Board Strengthens Regulations on Oil and Gas Facilities: Drilling No Longer Authorized Without A Permit

Acting on a motion by Supervisors Mark Ridley-Thomas and Hilda Solis, a “Strike Team” has inventoried an estimated 800 oil and gas facilities in Los Angeles County’s unincorporated areas. The Board unanimously called for being proactive in ensuring that existing oil and gas facilities operate safely, as well as for enhancing the regulatory process for future well sites.

When first assembling the team in 2016, Supervisor Ridley-Thomas said, “The objective here is to ensure that these facilities are appropriately and proactively monitored to ensure they are operating in a manner that protects the health and safety of surrounding communities.”

Strike teams assess oil drilling facilities. Photo by Tim Stapleton / LA County Department of Regional Planning Land Use Regulation Division

The 800 oil and gas facilities have been operating with a lack of consistency in permit conditions, and under regulations that vary from project to project.

The first phase of the Strike Team’s work included a site visit and assessment of all facilities within the unincorporated areas. That work is now complete, and the team is now focusing on the second phase of work, which consists of researching and investigating abandoned and orphaned wells, storage facilities, pipelines, and hazardous chemicals with the objective of providing a recommendation to the Board later next year on how to improve regulations over these facilities.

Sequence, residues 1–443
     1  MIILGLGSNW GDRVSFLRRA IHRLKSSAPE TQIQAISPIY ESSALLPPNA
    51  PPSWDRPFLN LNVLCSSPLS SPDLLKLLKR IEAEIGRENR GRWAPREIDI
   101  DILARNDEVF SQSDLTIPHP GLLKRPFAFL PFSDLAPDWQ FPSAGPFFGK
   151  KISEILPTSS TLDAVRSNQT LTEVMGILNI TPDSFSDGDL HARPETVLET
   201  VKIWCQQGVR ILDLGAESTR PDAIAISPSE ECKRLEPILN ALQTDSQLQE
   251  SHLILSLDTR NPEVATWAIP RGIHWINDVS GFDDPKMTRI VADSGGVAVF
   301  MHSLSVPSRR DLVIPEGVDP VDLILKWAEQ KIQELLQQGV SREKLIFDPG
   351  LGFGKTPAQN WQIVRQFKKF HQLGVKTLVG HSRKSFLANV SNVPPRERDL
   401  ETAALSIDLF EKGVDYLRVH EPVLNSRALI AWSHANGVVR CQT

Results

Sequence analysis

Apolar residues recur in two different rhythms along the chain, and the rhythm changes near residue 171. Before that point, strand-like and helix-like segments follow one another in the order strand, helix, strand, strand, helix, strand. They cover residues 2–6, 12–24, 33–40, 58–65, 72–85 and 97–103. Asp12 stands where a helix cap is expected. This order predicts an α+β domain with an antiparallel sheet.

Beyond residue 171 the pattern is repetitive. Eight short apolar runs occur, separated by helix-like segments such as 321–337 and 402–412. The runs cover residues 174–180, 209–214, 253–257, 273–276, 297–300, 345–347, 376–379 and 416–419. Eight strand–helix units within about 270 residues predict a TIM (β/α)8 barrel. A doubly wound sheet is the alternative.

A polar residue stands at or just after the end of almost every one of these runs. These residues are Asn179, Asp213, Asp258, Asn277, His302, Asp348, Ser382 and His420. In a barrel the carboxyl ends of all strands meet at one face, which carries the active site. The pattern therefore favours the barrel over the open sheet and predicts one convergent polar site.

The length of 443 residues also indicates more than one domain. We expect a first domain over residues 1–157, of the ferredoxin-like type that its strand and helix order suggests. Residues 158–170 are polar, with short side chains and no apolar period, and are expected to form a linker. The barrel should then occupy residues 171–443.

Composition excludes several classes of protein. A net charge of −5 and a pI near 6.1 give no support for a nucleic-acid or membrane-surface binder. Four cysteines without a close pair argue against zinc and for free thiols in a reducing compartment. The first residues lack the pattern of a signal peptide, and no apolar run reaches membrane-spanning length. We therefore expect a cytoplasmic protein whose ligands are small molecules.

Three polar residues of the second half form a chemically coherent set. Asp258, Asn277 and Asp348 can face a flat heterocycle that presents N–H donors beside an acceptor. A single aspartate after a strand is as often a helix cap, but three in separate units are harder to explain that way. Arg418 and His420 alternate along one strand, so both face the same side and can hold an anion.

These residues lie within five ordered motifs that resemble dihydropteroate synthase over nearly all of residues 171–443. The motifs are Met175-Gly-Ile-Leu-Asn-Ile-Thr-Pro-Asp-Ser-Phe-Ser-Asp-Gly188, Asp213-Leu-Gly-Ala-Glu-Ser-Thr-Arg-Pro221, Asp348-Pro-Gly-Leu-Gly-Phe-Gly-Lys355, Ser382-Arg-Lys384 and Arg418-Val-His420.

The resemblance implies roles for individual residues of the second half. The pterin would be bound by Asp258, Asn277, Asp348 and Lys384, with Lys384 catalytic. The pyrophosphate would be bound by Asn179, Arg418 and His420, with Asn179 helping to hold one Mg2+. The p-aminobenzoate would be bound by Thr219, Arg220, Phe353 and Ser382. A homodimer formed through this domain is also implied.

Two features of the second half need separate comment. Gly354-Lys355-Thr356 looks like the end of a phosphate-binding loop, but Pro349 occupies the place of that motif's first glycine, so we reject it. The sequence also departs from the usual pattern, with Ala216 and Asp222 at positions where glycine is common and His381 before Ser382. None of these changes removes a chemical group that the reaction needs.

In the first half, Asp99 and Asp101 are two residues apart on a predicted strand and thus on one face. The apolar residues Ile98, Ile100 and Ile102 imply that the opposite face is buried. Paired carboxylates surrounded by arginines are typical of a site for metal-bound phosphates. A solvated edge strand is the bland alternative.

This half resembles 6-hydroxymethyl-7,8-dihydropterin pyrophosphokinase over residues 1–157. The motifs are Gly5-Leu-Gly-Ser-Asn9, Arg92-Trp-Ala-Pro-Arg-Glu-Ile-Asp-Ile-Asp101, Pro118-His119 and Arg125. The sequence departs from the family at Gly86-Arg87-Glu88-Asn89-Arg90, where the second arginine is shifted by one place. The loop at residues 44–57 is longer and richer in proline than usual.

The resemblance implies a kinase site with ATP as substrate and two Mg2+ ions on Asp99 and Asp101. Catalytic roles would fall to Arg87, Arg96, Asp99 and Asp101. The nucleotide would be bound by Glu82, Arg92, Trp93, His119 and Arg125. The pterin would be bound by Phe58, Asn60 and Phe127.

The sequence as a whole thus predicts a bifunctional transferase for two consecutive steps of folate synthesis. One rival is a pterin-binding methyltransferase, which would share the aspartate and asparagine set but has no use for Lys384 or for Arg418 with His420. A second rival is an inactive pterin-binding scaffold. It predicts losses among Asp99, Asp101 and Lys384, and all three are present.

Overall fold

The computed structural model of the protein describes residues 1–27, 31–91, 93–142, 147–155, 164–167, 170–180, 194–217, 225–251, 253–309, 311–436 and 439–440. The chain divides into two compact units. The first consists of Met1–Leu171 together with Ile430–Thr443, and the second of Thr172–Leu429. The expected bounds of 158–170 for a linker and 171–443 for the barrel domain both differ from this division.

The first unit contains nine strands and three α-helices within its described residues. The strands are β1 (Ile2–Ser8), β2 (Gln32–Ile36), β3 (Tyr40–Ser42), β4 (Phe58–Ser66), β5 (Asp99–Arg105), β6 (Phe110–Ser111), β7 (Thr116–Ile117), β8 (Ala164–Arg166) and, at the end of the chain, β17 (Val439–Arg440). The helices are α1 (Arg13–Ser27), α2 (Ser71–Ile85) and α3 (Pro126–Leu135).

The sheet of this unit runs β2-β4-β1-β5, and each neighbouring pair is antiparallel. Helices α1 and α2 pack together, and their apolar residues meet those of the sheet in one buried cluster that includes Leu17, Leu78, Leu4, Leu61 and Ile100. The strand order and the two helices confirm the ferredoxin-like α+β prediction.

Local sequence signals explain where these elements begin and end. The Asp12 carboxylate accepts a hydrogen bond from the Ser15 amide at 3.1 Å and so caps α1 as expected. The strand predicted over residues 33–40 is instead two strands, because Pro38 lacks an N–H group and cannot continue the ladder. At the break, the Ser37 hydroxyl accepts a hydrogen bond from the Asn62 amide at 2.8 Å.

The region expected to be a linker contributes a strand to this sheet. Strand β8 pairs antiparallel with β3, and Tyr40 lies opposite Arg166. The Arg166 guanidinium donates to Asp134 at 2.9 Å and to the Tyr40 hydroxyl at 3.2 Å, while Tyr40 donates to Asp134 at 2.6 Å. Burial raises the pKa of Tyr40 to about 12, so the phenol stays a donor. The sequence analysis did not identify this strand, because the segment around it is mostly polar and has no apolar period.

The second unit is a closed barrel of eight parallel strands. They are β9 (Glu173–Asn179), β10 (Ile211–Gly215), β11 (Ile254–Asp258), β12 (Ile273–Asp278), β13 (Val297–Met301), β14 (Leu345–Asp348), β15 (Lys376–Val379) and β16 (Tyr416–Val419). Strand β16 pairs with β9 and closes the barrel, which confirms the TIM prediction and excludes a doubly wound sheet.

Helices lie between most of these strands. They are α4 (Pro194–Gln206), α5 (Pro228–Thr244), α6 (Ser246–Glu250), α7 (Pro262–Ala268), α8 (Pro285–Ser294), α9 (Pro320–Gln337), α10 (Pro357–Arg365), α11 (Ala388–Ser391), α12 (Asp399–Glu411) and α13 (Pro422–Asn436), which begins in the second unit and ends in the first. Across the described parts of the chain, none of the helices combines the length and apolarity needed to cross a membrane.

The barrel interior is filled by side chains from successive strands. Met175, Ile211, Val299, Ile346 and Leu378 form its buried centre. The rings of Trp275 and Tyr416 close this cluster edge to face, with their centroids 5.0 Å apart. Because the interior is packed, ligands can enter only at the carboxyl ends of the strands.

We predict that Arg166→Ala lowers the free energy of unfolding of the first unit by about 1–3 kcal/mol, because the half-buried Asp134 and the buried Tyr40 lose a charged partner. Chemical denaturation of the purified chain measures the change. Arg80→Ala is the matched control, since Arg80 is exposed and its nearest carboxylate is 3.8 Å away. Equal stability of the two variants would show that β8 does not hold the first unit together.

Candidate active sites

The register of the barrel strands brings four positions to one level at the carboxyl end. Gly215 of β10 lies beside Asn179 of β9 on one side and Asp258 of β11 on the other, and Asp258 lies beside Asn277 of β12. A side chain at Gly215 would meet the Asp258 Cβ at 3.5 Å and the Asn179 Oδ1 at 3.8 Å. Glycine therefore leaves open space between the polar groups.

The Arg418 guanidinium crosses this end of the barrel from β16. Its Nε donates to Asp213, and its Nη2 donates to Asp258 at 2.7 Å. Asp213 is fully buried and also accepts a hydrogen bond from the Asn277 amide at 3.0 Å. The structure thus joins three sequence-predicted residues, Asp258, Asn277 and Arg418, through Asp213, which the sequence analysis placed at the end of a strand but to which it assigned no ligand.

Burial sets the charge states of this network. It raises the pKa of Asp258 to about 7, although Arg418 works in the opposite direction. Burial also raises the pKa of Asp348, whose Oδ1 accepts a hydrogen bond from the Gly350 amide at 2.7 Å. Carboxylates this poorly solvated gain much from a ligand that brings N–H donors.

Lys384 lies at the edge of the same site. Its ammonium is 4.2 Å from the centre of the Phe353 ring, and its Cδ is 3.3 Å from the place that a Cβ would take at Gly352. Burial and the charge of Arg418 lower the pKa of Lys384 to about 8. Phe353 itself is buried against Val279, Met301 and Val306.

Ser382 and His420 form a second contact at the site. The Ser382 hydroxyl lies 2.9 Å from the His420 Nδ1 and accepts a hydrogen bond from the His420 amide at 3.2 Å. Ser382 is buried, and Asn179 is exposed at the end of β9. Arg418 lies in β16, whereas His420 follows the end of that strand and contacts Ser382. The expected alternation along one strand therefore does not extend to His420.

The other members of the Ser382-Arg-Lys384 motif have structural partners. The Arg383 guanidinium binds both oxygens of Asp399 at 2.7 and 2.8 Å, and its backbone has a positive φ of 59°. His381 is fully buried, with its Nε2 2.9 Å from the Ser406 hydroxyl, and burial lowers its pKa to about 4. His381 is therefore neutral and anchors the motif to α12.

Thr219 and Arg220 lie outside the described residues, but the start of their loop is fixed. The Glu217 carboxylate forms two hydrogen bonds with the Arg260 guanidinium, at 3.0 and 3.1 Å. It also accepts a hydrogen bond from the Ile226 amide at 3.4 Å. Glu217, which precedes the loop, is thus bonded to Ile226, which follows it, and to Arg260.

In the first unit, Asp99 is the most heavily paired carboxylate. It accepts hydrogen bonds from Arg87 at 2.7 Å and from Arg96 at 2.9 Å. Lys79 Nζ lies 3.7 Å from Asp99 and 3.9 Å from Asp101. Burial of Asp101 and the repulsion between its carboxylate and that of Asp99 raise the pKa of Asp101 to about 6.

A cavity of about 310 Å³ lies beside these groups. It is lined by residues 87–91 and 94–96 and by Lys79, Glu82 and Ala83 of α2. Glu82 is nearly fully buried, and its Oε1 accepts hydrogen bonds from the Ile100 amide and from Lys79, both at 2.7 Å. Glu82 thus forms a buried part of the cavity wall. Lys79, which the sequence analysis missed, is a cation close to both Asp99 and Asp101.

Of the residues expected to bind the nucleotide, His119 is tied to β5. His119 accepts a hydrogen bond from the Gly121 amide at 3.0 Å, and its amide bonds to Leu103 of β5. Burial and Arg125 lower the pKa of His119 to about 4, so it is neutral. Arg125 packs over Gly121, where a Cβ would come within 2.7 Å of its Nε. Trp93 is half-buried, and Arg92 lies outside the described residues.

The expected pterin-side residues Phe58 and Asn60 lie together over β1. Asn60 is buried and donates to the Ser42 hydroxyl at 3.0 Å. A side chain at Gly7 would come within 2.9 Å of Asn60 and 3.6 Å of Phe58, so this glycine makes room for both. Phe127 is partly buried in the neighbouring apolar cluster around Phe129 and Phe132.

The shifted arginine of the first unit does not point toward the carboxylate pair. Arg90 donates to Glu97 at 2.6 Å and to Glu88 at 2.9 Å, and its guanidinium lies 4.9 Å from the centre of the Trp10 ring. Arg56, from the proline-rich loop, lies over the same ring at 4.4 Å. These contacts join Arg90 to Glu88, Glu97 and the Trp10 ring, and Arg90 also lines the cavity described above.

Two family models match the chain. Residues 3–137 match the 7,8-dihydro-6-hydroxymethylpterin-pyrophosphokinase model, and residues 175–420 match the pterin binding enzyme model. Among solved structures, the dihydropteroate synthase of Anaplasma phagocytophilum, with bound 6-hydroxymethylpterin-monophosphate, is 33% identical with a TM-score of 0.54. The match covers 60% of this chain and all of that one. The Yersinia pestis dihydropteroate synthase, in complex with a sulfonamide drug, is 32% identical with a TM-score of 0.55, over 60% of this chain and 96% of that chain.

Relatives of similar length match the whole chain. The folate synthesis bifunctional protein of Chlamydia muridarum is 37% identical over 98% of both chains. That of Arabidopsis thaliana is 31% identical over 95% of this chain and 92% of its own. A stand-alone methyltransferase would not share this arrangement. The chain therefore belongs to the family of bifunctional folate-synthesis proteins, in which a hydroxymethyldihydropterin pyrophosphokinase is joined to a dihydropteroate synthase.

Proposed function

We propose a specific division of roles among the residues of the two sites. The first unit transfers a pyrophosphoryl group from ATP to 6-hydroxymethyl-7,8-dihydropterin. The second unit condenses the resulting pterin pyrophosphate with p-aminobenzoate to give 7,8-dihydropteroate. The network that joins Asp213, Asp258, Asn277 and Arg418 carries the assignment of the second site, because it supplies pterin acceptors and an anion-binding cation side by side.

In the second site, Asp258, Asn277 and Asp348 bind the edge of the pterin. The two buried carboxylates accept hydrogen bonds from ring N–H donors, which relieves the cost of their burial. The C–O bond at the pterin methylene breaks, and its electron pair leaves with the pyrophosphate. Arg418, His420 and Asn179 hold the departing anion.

The Strike Team is comprised of representatives from the County Department of Regional Planning, the Department of Public Health, the Fire Department and Department of Public Works.

The Department of Regional Planning was also directed to update the Zoning Code to require a Conditional Use Permit be obtained before drilling new wells in any land use zone across the unincorporated portions of County. This means that the oil and gas facilities will no longer be able to drill “by right”, or without County discretionary approval. The new ordinance is expected to go to the Regional Planning Commission in June 2020, and thereafter to the Board for final approval.